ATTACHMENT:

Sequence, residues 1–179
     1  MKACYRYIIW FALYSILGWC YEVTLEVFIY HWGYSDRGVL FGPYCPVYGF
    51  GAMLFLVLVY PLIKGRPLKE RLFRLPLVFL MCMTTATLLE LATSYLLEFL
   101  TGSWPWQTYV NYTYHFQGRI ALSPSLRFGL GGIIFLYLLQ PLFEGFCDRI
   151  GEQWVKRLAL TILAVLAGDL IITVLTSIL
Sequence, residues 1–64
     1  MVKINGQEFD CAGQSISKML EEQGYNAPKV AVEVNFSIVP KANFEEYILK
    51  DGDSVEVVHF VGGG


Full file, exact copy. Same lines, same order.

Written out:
Sequence, residues 1–179
     1  MKACYRYIIW FALYSILGWC YEVTLEVFIY HWGYSDRGVL FGPYCPVYGF
    51  GAMLFLVLVY PLIKGRPLKE RLFRLPLVFL MCMTTATLLE LATSYLLEFL
   101  TGSWPWQTYV NYTYHFQGRI ALSPSLRFGL GGIIFLYLLQ PLFEGFCDRI
   151  GEQWVKRLAL TILAVLAGDL IITVLTSIL
Sequence, residues 1–64
     1  MVKINGQEFD CAGQSISKML EEQGYNAPKV AVEVNFSIVP KANFEEYILK
    51  DGDSVEVVHF VGGG